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Sculptures by Phyllis Bone


Whale Case

The whales are some of the best-loved, most endangered and least 'mammal-like' of all the mammals. From the 'smiling' dolphins to the enormous blue whale, the largest animal the world has ever known, they are a truly remarkable group.

The first whales are found in Eocene deposits, and they already show features such as the progression of the nostrils towards the forehead and the reduction of the hind limbs. By the end of that epoch the whales had undergone rapid evolution to become fully marine.

Modern whales show many adaptations to their ocean environment. The nostrils have become a 'blowhole' on the upper surface of the head, the forelimbs have become flippers, the body streamlined and largely hairless, the hind limbs are completely absent, the tail muscular and fluked for propulsion and the ear bones modified to hear underwater.

Cetaceans have been grouped into three sub-orders: the Archæoceti (the most primitive whales, all extinct), the Odontoceti (the toothed whales) and the Mysticeti (the baleen) whales. However, recent research has shown that sperm whales are more closely related to the baleen whales than to other toothed whales.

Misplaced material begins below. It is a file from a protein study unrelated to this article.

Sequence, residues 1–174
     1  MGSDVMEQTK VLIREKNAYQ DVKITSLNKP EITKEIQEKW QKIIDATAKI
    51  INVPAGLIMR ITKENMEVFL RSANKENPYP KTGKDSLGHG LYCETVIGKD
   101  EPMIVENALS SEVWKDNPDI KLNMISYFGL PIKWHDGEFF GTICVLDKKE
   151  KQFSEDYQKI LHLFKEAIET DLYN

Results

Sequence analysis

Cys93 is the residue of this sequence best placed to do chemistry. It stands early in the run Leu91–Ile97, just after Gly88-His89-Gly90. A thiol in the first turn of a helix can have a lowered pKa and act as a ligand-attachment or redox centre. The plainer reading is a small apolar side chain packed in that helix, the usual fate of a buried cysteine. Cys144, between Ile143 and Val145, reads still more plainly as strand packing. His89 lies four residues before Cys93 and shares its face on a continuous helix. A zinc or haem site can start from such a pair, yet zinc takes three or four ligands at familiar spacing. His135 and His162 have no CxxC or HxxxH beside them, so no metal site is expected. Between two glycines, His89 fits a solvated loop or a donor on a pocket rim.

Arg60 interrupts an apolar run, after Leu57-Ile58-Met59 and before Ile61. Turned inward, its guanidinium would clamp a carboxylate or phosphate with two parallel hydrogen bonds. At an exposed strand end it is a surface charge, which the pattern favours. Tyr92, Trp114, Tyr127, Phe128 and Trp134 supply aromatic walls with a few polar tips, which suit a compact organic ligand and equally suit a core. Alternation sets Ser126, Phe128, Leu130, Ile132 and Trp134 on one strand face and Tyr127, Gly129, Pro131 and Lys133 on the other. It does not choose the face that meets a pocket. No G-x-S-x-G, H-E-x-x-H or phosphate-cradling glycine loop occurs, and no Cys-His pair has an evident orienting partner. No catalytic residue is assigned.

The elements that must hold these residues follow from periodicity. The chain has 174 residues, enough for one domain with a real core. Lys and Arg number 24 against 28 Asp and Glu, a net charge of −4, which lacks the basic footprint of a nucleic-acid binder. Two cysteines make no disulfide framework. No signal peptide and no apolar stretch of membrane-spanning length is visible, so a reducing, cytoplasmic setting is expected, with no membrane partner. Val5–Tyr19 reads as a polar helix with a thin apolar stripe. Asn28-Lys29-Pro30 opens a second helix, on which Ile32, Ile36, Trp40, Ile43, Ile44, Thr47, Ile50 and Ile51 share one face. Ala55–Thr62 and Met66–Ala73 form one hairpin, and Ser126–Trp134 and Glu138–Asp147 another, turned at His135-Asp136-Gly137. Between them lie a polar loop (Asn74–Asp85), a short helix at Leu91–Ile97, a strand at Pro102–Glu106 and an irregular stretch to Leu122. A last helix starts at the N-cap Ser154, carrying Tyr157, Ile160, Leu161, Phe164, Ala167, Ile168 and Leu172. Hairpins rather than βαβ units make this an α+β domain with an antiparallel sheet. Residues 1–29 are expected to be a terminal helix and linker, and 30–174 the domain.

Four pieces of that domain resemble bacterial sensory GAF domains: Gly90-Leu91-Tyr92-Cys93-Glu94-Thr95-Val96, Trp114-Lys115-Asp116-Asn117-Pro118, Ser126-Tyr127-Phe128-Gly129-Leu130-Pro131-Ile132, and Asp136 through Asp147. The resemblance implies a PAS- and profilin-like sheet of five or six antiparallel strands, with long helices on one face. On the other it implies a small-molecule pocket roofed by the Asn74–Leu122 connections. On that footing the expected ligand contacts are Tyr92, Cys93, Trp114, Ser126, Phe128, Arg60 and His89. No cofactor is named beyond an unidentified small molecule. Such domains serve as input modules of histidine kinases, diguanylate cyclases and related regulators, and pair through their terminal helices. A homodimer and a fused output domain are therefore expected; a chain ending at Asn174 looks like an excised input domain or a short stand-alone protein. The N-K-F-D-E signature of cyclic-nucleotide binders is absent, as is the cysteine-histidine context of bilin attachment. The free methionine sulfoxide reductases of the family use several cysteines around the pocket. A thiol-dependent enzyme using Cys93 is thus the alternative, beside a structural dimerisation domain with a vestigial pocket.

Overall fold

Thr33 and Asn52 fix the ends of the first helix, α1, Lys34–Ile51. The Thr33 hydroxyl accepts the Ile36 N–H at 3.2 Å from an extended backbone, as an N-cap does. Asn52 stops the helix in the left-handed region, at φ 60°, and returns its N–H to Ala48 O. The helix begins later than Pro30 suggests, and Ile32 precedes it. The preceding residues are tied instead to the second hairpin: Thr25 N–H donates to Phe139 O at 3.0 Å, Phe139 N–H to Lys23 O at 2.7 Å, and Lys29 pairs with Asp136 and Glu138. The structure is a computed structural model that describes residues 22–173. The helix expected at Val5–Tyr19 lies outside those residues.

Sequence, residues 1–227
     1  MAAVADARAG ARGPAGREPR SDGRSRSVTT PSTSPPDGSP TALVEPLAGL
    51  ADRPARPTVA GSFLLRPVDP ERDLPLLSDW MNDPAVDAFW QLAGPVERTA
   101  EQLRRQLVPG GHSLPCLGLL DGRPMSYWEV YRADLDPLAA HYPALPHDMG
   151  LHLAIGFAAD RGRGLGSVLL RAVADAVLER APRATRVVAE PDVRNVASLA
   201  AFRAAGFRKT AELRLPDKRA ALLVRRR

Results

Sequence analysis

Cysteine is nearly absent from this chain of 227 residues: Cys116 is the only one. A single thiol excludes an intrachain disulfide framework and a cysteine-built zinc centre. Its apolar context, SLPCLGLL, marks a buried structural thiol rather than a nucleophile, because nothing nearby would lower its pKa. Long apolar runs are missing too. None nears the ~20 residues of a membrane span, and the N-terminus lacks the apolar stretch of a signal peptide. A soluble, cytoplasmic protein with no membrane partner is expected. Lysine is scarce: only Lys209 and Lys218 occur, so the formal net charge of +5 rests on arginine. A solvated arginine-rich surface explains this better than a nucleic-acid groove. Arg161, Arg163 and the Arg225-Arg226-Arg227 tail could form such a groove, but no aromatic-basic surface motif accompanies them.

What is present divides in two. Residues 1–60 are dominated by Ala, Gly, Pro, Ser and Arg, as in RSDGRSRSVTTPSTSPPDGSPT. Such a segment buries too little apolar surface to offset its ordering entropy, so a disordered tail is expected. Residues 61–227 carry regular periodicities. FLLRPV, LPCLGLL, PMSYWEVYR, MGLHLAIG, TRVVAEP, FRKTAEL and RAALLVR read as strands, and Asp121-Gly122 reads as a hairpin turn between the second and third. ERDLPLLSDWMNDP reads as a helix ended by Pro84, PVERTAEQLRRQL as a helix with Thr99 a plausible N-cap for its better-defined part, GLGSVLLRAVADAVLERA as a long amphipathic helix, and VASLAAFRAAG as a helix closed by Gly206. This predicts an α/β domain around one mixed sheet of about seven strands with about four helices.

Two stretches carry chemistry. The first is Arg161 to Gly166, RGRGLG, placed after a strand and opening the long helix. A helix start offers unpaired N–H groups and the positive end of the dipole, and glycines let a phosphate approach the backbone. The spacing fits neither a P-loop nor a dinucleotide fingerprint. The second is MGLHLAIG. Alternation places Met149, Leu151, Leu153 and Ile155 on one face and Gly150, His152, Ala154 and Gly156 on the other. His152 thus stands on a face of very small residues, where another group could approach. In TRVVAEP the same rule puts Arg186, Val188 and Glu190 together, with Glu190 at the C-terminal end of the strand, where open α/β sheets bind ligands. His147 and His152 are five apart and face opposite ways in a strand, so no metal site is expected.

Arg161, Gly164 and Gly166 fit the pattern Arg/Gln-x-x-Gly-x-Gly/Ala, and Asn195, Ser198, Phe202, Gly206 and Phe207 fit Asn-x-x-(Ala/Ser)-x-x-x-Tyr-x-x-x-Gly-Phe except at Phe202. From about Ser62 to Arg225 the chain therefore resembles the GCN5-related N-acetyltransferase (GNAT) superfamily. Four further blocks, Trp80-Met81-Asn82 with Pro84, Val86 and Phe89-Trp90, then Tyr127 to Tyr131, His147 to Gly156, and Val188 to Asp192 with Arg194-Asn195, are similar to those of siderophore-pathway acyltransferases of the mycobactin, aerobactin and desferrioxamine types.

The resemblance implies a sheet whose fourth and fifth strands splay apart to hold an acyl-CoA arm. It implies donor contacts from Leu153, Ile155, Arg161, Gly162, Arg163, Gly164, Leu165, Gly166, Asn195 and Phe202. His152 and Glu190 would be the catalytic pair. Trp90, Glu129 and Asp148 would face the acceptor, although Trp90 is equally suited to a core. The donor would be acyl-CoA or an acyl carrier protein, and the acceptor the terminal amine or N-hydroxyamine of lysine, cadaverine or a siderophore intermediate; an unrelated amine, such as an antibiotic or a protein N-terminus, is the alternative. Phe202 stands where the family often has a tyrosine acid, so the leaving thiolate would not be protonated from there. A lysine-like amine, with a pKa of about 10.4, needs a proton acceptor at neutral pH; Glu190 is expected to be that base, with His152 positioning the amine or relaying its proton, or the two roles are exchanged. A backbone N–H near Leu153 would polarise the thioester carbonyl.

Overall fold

Dolphins in the Moray Firth, Scotland

XH11-3.1 Delphinus delphis (common dolphin) skull.

The dolphin skull shows just how different whales have become from their terrestrial relatives. The teeth are small and sharp for catching fish. The space in front of the forehead is occupied by the 'melon', the organ used in echolocation - the sounds dolphins emit to 'see' their surroundings.